Could you benefit from the ability to search in the Bible for specific passages or phrases as you study the Bible? Would you like to compare the same passage in the New International Version Bible, New American Standard Bible, New King James Bible and other Bible versions? Bible passage look up is available through multiple links to sites such as Blue Letter Bible, Crosswalk and Bible.com. Spread the word about these Bible resources to help people you know with their daily Bible study.
Biblos Bible Tools
Search the Bible, concordance, dictionary and encyclopedia; view parallel versions; see Hebrew and Greek definitions; and much more.
- (Search 15 versions simultaneously)
- (See 15 Parallel Bible versions)
- (Chain Reference links to more verses)
- (See all Cross References at once)
- (Review as many as 15 Parallel Commentaries on one page)
- (Hebrew text analysis)
- (Greek lexicon)
Bible Study Tools
- (Topical Verses)
- (Early Church History)
- (Classic Christian Books)
Study Books of the Bible
Bible Study Methods
Inductive Bible study is learning how to exegete (draw out), as in extracting the information on what a text is actually saying in an objective and in a systematic way. “Inductive” simply means to use logic induction and reasoning by examining the particulars, facts, and essence of a text, such as context and word meanings first before making any conclusions. (read more)
by Kay Arthur
Learn to know what God says, what He means, and how to put His truths into practice. (read more)
The Bible – God’s holy, inspired Word – is without comparison. The heart-warming story of God’s love for mankind, the Bible is an exciting and joyful adventure of reading, meditation and study. No other book written can equal it. And no one can live a full, abundant, supernatural life without daily drawing upon the supernatural resources of God’s word. (read more)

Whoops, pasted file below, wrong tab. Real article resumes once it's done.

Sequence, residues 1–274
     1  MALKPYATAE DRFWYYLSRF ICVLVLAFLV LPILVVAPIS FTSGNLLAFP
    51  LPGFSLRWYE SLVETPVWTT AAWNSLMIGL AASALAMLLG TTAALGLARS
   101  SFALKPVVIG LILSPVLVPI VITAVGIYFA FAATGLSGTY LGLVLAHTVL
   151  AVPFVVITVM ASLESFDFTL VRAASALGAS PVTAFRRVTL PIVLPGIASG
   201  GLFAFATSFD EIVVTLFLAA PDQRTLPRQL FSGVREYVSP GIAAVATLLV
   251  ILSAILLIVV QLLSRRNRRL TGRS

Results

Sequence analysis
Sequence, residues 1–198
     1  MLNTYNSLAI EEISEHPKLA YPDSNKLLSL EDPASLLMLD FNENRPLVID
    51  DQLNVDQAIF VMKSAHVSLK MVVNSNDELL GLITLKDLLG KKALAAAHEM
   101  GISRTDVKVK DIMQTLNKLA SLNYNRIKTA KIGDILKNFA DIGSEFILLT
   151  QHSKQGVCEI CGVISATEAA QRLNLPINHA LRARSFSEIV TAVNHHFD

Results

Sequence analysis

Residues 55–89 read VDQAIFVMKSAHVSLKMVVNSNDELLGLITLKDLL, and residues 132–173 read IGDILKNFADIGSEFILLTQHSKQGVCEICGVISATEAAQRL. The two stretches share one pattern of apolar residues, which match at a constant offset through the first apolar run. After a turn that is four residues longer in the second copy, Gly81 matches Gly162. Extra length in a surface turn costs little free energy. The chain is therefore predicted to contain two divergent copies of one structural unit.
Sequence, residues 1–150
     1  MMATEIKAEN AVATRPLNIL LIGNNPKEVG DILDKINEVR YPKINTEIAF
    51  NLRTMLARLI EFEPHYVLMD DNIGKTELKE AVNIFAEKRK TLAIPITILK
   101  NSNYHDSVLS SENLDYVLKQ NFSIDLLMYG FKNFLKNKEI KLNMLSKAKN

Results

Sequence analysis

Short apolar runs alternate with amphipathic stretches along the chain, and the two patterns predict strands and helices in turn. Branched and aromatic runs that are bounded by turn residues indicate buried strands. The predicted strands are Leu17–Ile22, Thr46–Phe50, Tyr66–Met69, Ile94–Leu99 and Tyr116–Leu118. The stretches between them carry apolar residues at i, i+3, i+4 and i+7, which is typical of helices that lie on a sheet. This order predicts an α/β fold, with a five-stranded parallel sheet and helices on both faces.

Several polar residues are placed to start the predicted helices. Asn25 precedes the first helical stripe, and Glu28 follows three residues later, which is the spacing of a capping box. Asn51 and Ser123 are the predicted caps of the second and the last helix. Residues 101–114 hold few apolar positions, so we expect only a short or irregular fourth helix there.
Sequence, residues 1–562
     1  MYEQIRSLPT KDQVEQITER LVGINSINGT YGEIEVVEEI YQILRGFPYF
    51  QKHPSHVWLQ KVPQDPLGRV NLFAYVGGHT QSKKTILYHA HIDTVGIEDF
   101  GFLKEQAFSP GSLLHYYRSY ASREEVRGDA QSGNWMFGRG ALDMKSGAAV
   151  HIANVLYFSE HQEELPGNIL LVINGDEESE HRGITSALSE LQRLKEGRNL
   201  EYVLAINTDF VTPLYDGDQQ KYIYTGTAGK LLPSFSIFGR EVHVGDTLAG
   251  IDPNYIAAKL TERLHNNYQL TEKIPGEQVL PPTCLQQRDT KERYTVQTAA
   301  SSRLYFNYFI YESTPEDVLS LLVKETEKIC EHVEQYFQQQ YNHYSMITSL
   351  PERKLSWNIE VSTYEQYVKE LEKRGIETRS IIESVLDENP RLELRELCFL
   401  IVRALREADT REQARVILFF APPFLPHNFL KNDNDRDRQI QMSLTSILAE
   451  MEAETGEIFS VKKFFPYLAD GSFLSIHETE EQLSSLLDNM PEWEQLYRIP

This is an article every new student of the Bible should read. It answers basic, practical questions about the different Bible translations available and how and why they differ. It also describes various approaches to Bible reading and how reading differs from studying. It helps you learn how to find help for specific issues and problems, and it gives helpful questions to ask in order to personalize and apply the passages you read. (read more)
by Tremper Longman III
Merely reading the Bible is not enough if you want to get the full meaning from any particular text. Learn how to get the most out of reading your Bible.
by John MacArthur
Three simple guidelines to help you make the most of your study time.
by Daniel B. Wallace
Before the year 1881, you had three choices for an English Bible translation: the KJV, the KJV, or the KJV. Obviously, this is no longer the case. How did the King James Version get dethroned? Which translation is best today? Are any of the modern translations faithful to the original? (read more)
by Nancy Leigh DeMoss
Some people think they can’t memorize Scripture, but the fact is, we can and do memorize all the time. (read more)
by Nancy Leigh DeMoss
Your eyes may be reading words but your mind is thinking about the phone call you just received or your day’s schedule. (read more)
Before I became a believer in Jesus Christ, God’s Word didn’t make any sense to me. I tried to read it occasionally during my high school and college days, but found it boring. Finally, I concluded that no really intelligent person could believe the Bible.
But when I became a Christian, my life was transformed, and my attitudes concerning the Scriptures changed. I realized that the Bible was truly the holy, inspired Word of God. For almost fifty years it has been more important to me than the thousands of books in my library combined.
Why is the Bible so important to the Christian? Let me share five basic reasons.(read more)